- Video Games
- About Us
The moral of this episode was, “Girls can be too emotional and tend to think with their hearts instead of their heads.” This moral is both trite and stupid. Not only is it totally contingent on the individual; I know plenty of boys who think only with their hearts, then beat people up because they’re sensitive and get angry too easily (looking at you, high-school wrestling teams across the nation), and it’s also an age-old stereotype. So despite the episode’s pretty awesome subway explosion scene, this is one of the weakest episodes of the season so far.
The plot really started a few episodes ago, with Jason Burr, a super scientist, inventing a super-conductor (the show doesn’t call it that, but that’s what it is). Fast forward to now, as Jason finishes the machine and Cypher decides to take it. The villain is another member of the League of Assassins – it seems like the show is putting too much stock into this conspiratorial villain league.
Katana goes on a date with Jason, who makes her dinner. “I don’t mind being the woman of the house” Jason says, and thus informs children of normative gender roles. Katana, thankfully, tells Jason to shut up. Jason is the most annoying character the show’s ever used. I hope he doesn’t come back (though the last scene, in which he tritely opens his eyes from a coma, suggests that he will).
The villain this week is super stupid. First, he looks like a Ben 10 character. Second, his power is super dumb. He can make weird, neon-colored spaghetti straps (that look a lot like glow-sticks) come out of his hands and mind control people. However, if the chords get cut, the persons brain gets fried (or maybe he was lying about that, as the end of the episode reveals, but maybe not – it’s confusing).
Mind control is a super power best utilized subtly. If you just mind control dudes to make them fight, you run the risk of mind controlling weak fighters. Thus, when mind controls Jason, who isn’t very good at fighting since he’s a nerd (psh, as if Batman’s not a nerd!) and then he mind controls Katana, which is the perfect excuse for the two to fight! This would be cooler if the two didn’t spar every episode, including this episode in the first five minutes. Plus, Katana doesn’t even use her sword!
Batman must stop mind-control spaghetti guy, who highjacks a train. This leads to the only scene in the episode worth watching. The train explodes, Batman saves people, etc., etc. But, it’s still pretty neat to watch Batman running around on a train, and the CGI allows for a lot of movement in this scene (as opposed to the lack of moment present in every other scene).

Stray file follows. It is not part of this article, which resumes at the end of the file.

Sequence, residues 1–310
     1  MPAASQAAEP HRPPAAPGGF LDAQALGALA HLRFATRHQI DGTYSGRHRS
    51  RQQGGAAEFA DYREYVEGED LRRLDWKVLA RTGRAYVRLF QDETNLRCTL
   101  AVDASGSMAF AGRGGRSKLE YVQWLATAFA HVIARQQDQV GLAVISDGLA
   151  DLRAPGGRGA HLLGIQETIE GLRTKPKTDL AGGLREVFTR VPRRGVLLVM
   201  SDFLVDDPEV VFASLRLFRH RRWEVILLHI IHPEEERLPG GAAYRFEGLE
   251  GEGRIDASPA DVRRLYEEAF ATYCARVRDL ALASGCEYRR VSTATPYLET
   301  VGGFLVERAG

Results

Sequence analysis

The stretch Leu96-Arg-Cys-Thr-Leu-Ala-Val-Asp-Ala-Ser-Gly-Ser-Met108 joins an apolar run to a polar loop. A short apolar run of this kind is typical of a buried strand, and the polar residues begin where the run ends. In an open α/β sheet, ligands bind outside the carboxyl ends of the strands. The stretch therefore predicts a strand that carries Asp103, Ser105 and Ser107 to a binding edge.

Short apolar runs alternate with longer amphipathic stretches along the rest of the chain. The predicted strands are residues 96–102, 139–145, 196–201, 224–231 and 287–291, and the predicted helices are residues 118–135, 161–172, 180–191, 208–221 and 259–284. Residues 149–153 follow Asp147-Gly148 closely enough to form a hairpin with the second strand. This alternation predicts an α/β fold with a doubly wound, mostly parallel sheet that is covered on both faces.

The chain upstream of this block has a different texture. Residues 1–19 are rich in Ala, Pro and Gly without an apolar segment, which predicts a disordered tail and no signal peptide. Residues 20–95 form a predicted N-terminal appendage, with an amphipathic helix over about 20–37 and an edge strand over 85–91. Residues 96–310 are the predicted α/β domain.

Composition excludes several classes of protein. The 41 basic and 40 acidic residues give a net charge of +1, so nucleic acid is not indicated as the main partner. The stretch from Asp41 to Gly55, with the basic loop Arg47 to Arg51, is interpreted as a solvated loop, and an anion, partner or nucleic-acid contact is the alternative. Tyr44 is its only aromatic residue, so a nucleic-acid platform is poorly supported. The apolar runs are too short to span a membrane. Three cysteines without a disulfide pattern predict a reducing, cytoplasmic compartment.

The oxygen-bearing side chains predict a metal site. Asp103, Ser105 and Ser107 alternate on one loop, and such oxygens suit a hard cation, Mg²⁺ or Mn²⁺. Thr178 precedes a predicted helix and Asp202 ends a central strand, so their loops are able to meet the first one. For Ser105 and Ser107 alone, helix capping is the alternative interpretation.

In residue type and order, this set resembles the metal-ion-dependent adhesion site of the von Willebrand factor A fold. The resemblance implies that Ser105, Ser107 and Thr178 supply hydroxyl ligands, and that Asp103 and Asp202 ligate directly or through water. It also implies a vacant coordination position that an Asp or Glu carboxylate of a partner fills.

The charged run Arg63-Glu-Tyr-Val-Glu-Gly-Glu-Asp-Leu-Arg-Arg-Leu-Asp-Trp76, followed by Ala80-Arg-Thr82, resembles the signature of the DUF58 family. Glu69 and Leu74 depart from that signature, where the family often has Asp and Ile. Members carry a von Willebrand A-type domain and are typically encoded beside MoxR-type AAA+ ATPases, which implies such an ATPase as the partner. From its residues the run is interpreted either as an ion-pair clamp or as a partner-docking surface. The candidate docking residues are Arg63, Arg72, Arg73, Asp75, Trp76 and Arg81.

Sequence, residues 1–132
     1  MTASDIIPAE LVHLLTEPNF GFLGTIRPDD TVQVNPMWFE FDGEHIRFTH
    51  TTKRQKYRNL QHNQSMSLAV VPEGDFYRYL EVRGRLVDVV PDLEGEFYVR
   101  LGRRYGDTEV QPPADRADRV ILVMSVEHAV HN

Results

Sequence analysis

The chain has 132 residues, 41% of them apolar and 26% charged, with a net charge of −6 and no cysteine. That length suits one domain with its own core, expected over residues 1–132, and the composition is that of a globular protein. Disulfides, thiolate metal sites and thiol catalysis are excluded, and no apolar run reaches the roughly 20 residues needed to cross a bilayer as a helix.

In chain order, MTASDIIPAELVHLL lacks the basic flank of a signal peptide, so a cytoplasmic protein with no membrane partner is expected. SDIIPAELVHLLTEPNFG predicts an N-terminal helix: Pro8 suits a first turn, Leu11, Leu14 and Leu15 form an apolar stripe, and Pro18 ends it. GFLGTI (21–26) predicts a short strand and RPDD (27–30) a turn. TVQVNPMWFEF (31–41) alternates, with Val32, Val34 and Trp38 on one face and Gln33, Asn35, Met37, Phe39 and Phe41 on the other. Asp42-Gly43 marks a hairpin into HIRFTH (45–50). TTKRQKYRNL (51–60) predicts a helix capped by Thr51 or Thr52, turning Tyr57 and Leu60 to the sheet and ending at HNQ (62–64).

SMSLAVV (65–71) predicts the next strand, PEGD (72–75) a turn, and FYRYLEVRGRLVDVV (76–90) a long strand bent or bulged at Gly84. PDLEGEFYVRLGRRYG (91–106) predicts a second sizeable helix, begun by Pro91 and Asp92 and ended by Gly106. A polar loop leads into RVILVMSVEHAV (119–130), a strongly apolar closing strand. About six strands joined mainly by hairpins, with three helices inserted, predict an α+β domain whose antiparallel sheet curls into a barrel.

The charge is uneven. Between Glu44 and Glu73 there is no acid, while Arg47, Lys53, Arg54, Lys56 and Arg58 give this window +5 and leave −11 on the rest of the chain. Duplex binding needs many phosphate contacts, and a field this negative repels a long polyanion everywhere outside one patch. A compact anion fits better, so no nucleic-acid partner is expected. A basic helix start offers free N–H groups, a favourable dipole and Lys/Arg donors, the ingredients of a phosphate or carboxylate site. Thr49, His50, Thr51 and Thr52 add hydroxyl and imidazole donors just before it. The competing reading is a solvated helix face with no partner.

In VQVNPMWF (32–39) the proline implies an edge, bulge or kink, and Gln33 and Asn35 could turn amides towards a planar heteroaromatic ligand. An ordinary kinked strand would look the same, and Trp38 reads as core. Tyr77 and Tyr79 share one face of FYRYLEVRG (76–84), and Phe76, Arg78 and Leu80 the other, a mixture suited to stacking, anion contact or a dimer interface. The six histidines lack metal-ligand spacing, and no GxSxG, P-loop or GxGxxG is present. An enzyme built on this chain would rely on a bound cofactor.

Also, there’s no Alfred in this episode (well…he makes Batman and Katana a smoothie – not joking). There are, however, some cool parts with the Batmobile. The car has a HAL-like computer installed in it, and its lack of personality almost becomes a personality in and of itself. The car gets some good zingers in: it tells Batman he only has a 7% chance of success, to which he says, “Then you better wish me good luck,” and the car responds, “Good luck” Overall, the car is kind of stupid. But, it looks pretty cool and has a lot of neat weapons.
This episode reminds viewers that Beware the Batman is a kids show and, often (unfortunately) kids’ shows are dumb…
I still have 100 words to fill, so here’s a perfect place to mention that Teen Titans Go! is an overall more interesting show than Beware the Batman. It’s not the Teen Titans I grew up with as a teen; it’s much goofier and sacrifices action for comedy. However, the animation style, which is bold, simplified, and kenetic, really highlights the jokes. The show seems to take inspiration from classic Tex Avery cartoons, as there’s gag after gag, usually a gag every five seconds. The show also uses digital backgrounds to its advantage. Traditionally, backgrounds were static (like in Flinstones or Looney Toons), because changing them would be hard and time consuming. But with digital animation, you can change the background just as easy as anything. Often, the backgrounds act as a tag to the jokes’ punchline. Plus, the simplified, chibi-esque character models allow a lot of emotion and exaggeration in the Titans faces. While the demographic may skew a bit too on the young side (lots of gross-out humor), I think this show has one of the most interesting animation styles on TV. Check it out!